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Posted By Richard Grenier On 10/07/2000 @ 1:00 am In Commentary | Comments Disabled
It brings tears to your eyes. Here’s this adorable, elderly woman
out in Iowa who’s so sick and so poor, that in order to pay for
medicines she needs to stay alive, she has to scavenge in a local dump
yard for cast-off tin cans.
The pathetic picture of 79-year-old Winifred Skinner scavenging in
the Altoona, Iowa, dump yard, stooped (possibly), bone-weary (possibly),
hungry (possibly), in the pathetic scavenging she (possibly) needs to do
to keep herself alive was so painful to the people of this America of
ours — this supposed land of plenty — that I can’t count the number of
potential voters who, on learning of Mrs. Skinner, decided on the spot
that this unspeakable situation must end. And that they must vote for
Vice President Al Gore, who was clearly the candidate to end it as it
was he who discovered Mrs. Skinner scavenging in the dump yard. Or at
least that was the way it sounded to millions of warm-hearted Americans
who heard Mrs. Skinner’s story — at first locally, then in the solemn,
televised debate Tuesday night between Mr. Gore and Gov. Bush of Texas,
contenders for the U.S. presidency.
Mrs. Skinner, who first told her story at a Gore campaign event in
Altoona, Iowa, repeated her sad story Tuesday to the nation at large –
or Mr. Gore repeated it for her. For to what must have been national
amazement Mrs. Skinner turned up in Boston, Mass., for the big debate
Tuesday night, at which her pathetic circumstances were set forth by the
vice president in the course of the debate not once, but twice. At her
economic level, the audience for the debate might have assumed that Mrs.
Skinner had walked, or hitch-hiked, from Iowa to Boston. But no, said
Mr. Gore, she had driven all the way in her Winnebago.
Now, the more detail you have on such a highly publicized event the
better you can judge it. As it happens, despite the impression given by
Vice President Gore, Mrs. Skinner is not an itinerant hobo. She is not
living “hand to mouth” as reported by Mr. Gore, but quite comfortably as
the mother of a well-to-do businessman, Earl King, a successful
specialist in heating and air conditioning. Mr. King and his wife, in
addition to his routine work, raise horses (not a poor man’s hobby) on a
farm west of Des Moines. They have made available to Mrs. Skinner a
900-square-foot Des Moines apartment where she would be welcome to live,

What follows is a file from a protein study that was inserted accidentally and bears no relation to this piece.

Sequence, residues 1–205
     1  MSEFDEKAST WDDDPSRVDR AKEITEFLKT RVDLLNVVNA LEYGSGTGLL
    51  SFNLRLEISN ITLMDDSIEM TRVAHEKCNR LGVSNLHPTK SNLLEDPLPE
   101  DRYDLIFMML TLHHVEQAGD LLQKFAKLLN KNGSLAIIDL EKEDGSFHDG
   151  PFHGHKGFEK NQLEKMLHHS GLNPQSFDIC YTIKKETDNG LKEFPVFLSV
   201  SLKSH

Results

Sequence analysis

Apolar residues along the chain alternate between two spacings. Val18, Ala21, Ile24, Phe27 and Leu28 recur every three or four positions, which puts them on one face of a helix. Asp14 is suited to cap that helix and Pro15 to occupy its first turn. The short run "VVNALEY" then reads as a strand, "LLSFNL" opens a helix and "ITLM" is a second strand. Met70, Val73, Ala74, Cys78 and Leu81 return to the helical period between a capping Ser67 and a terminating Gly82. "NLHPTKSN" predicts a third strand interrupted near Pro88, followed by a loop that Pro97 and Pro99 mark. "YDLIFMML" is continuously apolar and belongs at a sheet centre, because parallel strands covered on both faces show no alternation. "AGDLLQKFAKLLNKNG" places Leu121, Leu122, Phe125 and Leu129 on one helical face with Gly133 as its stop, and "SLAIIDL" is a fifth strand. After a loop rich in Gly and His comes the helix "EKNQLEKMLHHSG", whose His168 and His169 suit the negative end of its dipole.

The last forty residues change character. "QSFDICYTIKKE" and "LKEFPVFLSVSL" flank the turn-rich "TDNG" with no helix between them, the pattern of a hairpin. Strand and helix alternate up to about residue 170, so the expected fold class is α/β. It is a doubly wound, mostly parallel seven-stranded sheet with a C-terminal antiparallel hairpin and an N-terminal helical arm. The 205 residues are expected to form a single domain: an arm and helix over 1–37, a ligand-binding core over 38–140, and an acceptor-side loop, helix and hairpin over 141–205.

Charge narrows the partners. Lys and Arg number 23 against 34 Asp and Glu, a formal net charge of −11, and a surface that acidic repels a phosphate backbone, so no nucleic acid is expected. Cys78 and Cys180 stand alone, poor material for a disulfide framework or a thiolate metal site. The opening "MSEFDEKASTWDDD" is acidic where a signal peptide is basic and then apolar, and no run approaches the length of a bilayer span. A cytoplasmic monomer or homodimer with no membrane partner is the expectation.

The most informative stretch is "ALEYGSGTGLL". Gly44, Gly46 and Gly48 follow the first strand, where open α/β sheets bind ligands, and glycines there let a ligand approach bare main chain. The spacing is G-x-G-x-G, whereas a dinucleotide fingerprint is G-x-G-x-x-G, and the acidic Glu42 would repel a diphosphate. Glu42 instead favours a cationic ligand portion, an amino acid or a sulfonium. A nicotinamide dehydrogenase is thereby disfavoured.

but she prefers her old home.
Listeners challenged Mrs. Skinner’s account when it was given on a
Des Moines radio talk show, when her son telephoned the talk show to say
that his mother had not been pleading personal poverty but when she
criticized the high cost of prescription drugs had been speaking up for
elderly people “in general.” It can be assumed that Vice President Gore
also had been arguing the case for elderly people “in general” and was
not dealing with this mother’s case specifically. This was most
decidedly not the impression given by the vice president, however, who
saved his tale about Mrs. Skinner for the very closing eloquent
statement in the Boston debate.
“She gets a small pension,” he said. “But in order to pay for her
prescription drug benefits she has to go out seven days a week, several
hours a day, picking up cans.”
It turns out, as the statement was rectified, Mrs. Skinner goes out
zero days a week, for zero hours a day, and that she was only speaking
“in the name of” people she assumes must do this. But in whose name was
the vice-president speaking in his closing sentences of the debate?
Apparently no one’s.
But this is apparently Mr. Gore’s technique when he wants to make a
dramatic public statement. He invents the “facts.” Another of his
forceful statements in the debate was the tale of a female student in a
public school in Florida who was forced to stand because there weren’t
enough seats in the classroom. But it turns out that the girl didn’t
stand at all. According to radio station WFLA in Sarasota, the school
was in the process of “leveling” the number of students per classroom
and for one day the girl had to sit, not on a chair, but on a
stool. Having sat on a stool now and then myself, I wonder if the
American people consider this a terrible hardship.
The press corps spent much of the day following the debate checking
Mr. Gore’s facts — and a sizeable portion of the country was left
wondering if it wanted as president a man who played as fast and loose
with his facts as Al Gore.
Mr. Gore places all his facts in what he calls a “lock box.” The
only trouble is that he seems to have lost the key.
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